Some lines offer gated-access suite complexes where some of the most expensive accommodations are arranged around exclusive deck areas, including private pools, whirlpools, fitness centers, sun decks, restaurants and lounges; MSC Cruises Yacht Club and Norwegian s Haven are two examples. Norwegian s studio cabins -- although tiny inside affairs -- also gain you access to a special lounge reserved just for solo travelers.
For many travelers, the decision on what size cabin to get is directly related to price. Who would not go for the huge suite if price were no obstacle? Yet it can be tricky to decide whether a balcony is worth the upgrade from a standard outside, or which suite to choose. Here are a few size-related considerations to take into account.
If you tend to get seasick, cabin location is really important. It is a question of engineering, really. The lower and more central you are in a ship, the less roll and sway you will feel. Even if you choose a balconied stateroom, choose the lowest level and the most midship one you can find. The higher decks and cabins at the very front (forward) or back (aft) of the ship will rock and roll the most.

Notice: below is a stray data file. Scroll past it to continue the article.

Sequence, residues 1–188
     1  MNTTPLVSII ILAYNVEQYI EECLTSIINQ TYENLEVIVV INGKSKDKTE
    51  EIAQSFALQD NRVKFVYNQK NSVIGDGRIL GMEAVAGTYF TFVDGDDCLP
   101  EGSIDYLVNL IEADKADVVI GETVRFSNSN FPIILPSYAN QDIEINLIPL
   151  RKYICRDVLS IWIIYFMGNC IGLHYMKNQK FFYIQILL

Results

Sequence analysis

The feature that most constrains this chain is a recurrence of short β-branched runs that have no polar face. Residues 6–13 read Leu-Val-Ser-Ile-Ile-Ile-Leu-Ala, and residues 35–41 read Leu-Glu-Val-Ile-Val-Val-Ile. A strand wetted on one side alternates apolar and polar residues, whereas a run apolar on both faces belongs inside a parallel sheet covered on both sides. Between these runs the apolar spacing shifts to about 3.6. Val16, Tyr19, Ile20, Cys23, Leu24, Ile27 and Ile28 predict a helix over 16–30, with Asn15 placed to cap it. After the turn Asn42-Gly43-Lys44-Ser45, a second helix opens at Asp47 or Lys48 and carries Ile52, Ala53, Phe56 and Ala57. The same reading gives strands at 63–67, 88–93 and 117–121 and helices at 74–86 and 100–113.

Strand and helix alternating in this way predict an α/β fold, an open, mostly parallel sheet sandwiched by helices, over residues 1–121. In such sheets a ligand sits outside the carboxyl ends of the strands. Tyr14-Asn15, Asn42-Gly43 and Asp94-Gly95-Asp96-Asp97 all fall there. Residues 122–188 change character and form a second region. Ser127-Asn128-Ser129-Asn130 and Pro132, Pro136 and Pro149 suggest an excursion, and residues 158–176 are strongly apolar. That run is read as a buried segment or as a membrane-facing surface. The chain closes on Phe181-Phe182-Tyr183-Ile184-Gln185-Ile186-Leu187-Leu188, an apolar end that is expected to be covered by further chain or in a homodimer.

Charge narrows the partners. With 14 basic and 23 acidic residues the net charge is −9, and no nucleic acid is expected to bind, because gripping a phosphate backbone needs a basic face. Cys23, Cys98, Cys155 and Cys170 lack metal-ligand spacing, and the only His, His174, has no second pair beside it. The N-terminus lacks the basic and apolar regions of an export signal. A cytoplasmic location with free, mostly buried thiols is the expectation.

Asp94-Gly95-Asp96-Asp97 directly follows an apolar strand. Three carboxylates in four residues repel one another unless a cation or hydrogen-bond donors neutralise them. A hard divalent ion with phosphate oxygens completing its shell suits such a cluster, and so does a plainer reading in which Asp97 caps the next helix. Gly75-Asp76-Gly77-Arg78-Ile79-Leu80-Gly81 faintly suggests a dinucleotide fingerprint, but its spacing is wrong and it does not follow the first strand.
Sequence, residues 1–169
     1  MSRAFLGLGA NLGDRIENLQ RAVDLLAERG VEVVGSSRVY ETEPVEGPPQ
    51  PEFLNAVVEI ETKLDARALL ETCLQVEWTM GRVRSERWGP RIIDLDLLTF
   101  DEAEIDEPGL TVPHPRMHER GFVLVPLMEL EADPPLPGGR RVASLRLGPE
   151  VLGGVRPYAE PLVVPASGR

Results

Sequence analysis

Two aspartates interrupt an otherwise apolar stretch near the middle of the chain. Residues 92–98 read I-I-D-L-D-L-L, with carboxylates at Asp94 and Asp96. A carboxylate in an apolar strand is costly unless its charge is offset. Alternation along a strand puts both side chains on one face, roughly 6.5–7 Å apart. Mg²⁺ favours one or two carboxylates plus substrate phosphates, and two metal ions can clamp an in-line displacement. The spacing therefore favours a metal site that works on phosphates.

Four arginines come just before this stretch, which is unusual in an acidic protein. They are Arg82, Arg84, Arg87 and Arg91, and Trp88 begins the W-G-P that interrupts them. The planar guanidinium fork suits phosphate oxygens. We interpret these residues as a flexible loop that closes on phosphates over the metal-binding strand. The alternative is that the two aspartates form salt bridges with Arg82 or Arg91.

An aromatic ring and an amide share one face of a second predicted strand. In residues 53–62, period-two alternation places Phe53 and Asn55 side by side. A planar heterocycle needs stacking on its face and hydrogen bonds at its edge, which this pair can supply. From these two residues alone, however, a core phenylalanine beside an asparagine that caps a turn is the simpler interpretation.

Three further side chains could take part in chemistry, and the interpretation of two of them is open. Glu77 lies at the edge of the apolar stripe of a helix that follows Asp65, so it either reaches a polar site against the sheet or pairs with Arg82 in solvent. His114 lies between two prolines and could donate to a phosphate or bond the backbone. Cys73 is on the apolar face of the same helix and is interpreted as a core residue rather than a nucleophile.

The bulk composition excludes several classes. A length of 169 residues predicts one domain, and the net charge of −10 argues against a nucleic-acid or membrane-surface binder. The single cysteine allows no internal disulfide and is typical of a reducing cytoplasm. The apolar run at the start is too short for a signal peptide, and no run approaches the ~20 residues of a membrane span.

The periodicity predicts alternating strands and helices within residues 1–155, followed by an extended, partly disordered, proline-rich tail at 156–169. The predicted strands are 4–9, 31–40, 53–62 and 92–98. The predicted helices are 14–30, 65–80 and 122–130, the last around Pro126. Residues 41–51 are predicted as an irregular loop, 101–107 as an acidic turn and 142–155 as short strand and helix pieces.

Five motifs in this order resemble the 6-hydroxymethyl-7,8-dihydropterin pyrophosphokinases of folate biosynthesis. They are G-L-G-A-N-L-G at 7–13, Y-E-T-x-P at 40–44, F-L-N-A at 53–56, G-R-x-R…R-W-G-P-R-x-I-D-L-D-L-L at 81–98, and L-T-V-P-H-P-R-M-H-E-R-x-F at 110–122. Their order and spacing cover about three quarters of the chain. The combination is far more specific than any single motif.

All cabins come with basic amenities, such as the services of a cabin steward to clean your room and turn down the beds, soap and shampoo in the bathroom, individual climate control, etc. But certain categories of stateroom come with added perks. Suites come with a variety of extras and privileges, everything from priority boarding to in-cabin bar setups. Spa cabins will offer spa-related perks, such as yoga mats in the cabin or a fancy showerhead; concierge-level cabins will give you access to a concierge and niceties like afternoon canapes; and even solo cabins might offer extras, such as the use of an exclusive lounge. How do you want to be pampered on your vacation?
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